Results 1 to 4 of 4
    • Member Info
      • Native Language:
      • Armenian
      • Home Country:
      • Iran
      • Current Location:
      • United States

    • Join Date: Nov 2002
    • Posts: 2,554
    #1

    as such

    Is this sentence correct:

    1) King has admitted he was suffering from alcoholism at the time he wrote the novel, and as such there was an element of autobiography in the story.


    Source:
    http://en.wikipedia.org/wiki/The_Shining_(film)

    What does 'as such' mean here? What does it refer to? I don't think it refers back to anything.

    Gratefully,
    Navi.

  1. Matthew Wai's Avatar
    • Member Info
      • Native Language:
      • Chinese
      • Home Country:
      • China
      • Current Location:
      • Hong Kong

    • Join Date: Nov 2013
    • Posts: 7,825
    #2

    Re: as such

    Quote Originally Posted by navi tasan View Post
    Your sentence is not on the above page, but on the following page.
    http://en.wikipedia.org/wiki/The_Shining_%28film%29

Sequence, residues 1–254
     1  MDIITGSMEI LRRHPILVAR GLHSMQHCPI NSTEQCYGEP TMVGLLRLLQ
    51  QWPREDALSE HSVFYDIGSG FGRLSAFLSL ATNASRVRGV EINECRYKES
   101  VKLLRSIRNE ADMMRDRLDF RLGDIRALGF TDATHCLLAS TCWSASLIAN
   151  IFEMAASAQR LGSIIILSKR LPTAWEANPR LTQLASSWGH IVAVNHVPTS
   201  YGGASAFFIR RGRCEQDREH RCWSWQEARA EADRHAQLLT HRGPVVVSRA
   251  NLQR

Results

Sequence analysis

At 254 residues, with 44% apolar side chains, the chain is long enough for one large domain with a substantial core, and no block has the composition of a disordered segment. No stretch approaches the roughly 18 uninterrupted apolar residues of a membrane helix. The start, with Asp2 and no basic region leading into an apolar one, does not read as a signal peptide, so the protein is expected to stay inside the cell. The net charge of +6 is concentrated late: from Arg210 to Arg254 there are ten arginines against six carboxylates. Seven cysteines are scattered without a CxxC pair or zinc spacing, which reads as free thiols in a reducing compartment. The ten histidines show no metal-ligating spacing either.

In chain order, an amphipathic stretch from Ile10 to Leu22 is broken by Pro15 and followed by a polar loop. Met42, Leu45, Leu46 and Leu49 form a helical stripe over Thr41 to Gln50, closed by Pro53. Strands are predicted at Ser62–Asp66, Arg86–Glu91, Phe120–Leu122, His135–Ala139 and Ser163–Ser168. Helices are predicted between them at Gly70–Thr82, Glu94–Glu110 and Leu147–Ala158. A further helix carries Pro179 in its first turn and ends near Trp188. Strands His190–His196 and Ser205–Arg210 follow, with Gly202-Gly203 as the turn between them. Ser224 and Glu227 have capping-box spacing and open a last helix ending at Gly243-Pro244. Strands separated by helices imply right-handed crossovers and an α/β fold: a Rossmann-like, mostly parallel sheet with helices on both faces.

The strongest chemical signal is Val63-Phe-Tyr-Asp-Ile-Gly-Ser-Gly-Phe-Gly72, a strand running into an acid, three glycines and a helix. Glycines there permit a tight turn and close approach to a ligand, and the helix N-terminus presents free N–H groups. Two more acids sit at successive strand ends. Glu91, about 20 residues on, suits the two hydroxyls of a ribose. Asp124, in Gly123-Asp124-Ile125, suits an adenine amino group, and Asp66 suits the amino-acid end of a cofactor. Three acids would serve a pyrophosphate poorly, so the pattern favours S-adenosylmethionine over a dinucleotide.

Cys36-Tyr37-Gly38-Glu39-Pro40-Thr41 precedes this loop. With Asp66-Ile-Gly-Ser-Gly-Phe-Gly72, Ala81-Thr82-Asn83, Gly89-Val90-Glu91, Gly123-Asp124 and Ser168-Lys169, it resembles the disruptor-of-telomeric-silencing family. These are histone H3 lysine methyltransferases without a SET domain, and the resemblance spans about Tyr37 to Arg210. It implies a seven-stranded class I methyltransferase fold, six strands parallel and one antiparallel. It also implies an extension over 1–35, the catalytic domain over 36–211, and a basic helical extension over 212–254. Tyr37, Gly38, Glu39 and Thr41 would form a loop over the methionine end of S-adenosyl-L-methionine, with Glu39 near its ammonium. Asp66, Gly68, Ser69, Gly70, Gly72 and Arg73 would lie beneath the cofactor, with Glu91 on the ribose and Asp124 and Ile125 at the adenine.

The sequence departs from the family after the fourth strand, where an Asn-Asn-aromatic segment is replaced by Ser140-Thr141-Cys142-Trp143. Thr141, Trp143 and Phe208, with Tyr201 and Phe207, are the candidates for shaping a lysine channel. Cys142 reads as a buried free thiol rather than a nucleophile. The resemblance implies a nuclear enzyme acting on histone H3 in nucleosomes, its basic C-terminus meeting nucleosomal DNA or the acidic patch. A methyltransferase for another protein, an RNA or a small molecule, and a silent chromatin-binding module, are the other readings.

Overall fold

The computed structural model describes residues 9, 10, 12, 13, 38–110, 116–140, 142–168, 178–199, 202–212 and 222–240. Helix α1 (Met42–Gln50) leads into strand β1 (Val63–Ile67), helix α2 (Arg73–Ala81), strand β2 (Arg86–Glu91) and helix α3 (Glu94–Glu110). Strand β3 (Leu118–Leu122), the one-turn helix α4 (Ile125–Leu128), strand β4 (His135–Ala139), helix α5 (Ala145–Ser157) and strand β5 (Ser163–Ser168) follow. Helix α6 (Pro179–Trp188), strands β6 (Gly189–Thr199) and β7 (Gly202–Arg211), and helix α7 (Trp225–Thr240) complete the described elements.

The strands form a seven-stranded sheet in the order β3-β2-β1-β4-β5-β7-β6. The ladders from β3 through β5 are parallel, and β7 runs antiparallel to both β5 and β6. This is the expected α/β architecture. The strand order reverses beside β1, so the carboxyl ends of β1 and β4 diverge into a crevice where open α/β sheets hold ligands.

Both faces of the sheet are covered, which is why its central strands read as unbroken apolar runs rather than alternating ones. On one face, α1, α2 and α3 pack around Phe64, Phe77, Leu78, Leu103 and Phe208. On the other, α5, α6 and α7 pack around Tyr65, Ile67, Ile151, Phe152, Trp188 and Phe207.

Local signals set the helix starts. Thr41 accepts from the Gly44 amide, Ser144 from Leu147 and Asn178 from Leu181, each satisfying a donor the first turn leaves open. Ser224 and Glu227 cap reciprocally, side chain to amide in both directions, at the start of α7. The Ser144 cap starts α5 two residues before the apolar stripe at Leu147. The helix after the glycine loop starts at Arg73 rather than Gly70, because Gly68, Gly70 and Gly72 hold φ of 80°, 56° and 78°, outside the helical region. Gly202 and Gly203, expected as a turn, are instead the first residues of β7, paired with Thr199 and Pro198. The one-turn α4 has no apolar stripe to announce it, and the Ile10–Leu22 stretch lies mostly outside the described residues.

I think 'as such' refers to 'suffering from alcoholism', and 'alcoholism' was a theme in the story.

    Not a teacher.
    Last edited by Matthew Wai; 06-May-2015 at 12:51.

    • Member Info
      • Native Language:
      • Chinese
      • Home Country:
      • Malaysia
      • Current Location:
      • Malaysia

    • Join Date: Apr 2014
    • Posts: 3,329
    #3

    Re: as such

    The author was suffering from alcoholism at the time of writing the story so much so that that he had allowed that part of his life to be portrayed in the story i.e. the story was linked to his real life. Thus, the reference using 'such as'.

    not a teacher

  2. Charlie Bernstein's Avatar
    • Member Info
      • Native Language:
      • English
      • Home Country:
      • United States
      • Current Location:
      • United States

    • Join Date: Jan 2009
    • Posts: 3,592
    #4

    Re: as such

    "As such" is an idiom. It usually means something like "because of that," "as described," or "in that way."

    So yes, as the posters above have said, it means "as an alcoholic" or "since he was an alcoholic" or "because he was an alcoholic" or "owing to his alcoholism."
    I'm not a teacher. I speak American English. I've tutored writing at the University of Southern Maine and have done a good deal of copy editing and writing, occasionally for publication.

Bookmarks

Posting Permissions

  • You may not post new threads
  • You may not post replies
  • You may not post attachments
  • You may not edit your posts
  •